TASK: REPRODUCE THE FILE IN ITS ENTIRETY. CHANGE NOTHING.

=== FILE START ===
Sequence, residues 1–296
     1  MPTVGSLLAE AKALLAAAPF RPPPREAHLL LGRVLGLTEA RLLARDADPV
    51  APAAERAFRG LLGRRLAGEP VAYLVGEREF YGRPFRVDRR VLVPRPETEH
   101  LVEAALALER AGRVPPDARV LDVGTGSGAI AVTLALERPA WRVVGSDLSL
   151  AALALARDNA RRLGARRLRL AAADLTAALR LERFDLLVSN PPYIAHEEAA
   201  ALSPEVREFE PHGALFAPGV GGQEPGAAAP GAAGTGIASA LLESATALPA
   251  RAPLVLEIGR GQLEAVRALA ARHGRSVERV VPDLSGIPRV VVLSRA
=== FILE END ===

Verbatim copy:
Sequence, residues 1–296
     1  MPTVGSLLAE AKALLAAAPF RPPPREAHLL LGRVLGLTEA RLLARDADPV
    51  APAAERAFRG LLGRRLAGEP VAYLVGEREF YGRPFRVDRR VLVPRPETEH
   101  LVEAALALER AGRVPPDARV LDVGTGSGAI AVTLALERPA WRVVGSDLSL
   151  AALALARDNA RRLGARRLRL AAADLTAALR LERFDLLVSN PPYIAHEEAA
   201  ALSPEVREFE PHGALFAPGV GGQEPGAAAP GAAGTGIASA LLESATALPA
   251  RAPLVLEIGR GQLEAVRALA ARHGRSVERV VPDLSGIPRV VVLSRA